Communication and coordination between trades/groups form the backbone of a successful pharmacy project. If these are strong, then the project will likely stay true to the design, under budget, and on-time. Over the years, we have seen how a lack of communication and coordination can bring a project to a screeching halt.
In an effort to reduce last-minute disputes about responsibilities, Guardian Medical teamed up with a Project Leader, Pharmacy Director, and our fellow national associates to create a checklist that assigned duties and responsibilities to the different participating groups.
These groups included:
With some projects taking months to complete, a “Matrix” of duties and responsibilities was invaluable in keeping the project running smoothly. As a shared file, accessible to everyone involved, it served as a reference point confirming responsibility for all aspects of the project.
The Matrix we created identifies over 150 tasks as well as their assigned groups. Though fluid at the beginning of the project, it becomes locked in prior to the start of construction. As with any document assigning responsibility, it is imperative for all groups to collectively review and sign off on each line item. This will then be given to the project leader to hold and refer to during the project, as well as added to the architect’s submittal drawings.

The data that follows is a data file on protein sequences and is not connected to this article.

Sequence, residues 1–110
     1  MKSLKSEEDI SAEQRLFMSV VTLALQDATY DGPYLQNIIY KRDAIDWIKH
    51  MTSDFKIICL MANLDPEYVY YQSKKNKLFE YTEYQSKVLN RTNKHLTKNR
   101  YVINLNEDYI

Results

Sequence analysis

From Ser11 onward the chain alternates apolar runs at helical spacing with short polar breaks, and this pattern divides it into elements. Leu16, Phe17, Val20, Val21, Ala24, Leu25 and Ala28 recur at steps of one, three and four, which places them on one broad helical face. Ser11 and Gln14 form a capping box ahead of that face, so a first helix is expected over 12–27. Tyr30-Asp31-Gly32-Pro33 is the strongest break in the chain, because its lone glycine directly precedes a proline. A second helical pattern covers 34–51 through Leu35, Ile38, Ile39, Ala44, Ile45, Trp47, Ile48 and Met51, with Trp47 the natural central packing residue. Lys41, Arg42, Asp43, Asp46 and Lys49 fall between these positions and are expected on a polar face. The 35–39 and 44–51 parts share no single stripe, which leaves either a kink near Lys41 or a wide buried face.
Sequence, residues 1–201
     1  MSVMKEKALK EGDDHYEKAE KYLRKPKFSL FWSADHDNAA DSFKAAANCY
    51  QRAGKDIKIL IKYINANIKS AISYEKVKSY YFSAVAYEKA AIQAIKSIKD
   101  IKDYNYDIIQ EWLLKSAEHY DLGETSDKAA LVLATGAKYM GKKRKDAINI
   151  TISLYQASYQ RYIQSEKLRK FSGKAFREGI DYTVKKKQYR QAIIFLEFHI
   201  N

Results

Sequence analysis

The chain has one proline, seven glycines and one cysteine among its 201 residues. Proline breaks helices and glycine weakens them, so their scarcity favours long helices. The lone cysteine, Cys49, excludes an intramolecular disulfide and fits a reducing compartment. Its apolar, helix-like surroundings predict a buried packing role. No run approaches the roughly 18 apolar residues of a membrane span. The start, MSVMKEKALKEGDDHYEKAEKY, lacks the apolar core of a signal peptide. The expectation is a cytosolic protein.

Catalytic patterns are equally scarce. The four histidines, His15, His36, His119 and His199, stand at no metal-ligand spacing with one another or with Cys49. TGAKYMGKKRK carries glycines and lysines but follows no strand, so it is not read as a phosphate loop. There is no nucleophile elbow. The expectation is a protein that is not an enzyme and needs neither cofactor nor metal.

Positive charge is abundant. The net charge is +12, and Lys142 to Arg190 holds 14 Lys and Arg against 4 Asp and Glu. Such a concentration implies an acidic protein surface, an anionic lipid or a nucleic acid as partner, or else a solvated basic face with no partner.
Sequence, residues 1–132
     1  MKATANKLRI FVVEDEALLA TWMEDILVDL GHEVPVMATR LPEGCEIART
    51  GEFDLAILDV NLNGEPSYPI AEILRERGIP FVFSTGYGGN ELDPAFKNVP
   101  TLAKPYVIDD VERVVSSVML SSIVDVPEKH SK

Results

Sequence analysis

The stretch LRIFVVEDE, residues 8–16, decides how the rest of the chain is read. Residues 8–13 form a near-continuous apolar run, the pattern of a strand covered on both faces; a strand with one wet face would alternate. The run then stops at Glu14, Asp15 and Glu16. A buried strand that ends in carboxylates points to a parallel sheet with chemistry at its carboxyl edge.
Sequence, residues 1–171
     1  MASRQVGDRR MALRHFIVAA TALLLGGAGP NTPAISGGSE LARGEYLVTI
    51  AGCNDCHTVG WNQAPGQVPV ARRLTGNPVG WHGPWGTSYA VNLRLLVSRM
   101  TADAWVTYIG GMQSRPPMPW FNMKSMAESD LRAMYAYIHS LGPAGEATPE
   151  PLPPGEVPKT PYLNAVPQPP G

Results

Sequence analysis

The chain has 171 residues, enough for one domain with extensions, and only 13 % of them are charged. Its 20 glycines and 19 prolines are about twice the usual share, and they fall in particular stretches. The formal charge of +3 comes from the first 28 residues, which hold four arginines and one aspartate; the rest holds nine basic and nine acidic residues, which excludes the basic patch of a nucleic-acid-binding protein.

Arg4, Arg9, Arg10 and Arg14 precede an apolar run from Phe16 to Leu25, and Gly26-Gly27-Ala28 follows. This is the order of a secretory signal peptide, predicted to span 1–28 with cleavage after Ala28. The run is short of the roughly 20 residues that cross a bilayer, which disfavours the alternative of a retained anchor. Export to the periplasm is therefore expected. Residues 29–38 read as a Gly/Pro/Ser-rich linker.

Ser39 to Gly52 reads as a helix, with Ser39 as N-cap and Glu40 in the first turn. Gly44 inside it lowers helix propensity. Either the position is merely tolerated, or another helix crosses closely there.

HEPA Fan Filter Units
As mentioned in our recent blog, the installation of HEPA Fan Filter Units can become complicated without proper communication and coordination. In many cases, the Pharmacy Consultant provides these units while the General Contractor is tasked with installation, and the Network/IT group connects the units to the Building Automation System (BAS) network.
The automatic doors in a cleanroom are especially complicated. Not only do you have the company installing the doors themselves, but you also have various electricians running power lines and low-voltage wiring for the handwaves and interlock system. Depending on the size of the equipment to be installed in the room, the doors may also need to be installed at a later date.
Coordination for the hoods involves the Architect, MEP Engineers, and Pharmacy Staff. Consideration should be given to providing an adequate number of well-placed outlets and locating the hoods to allow for easy cleaning and proper visibility for observation. The correct duct size and its location must be worked out with the MEP Engineers while the correct connection piece must be specified and created with the HVAC installers. Finally, the airflow alarm must be installed.
These are three examples of the many complicated items that go into a pharmacy/cleanroom project. Developing and implementing a matrix of responsibilities is an excellent way to ensure a smooth installation.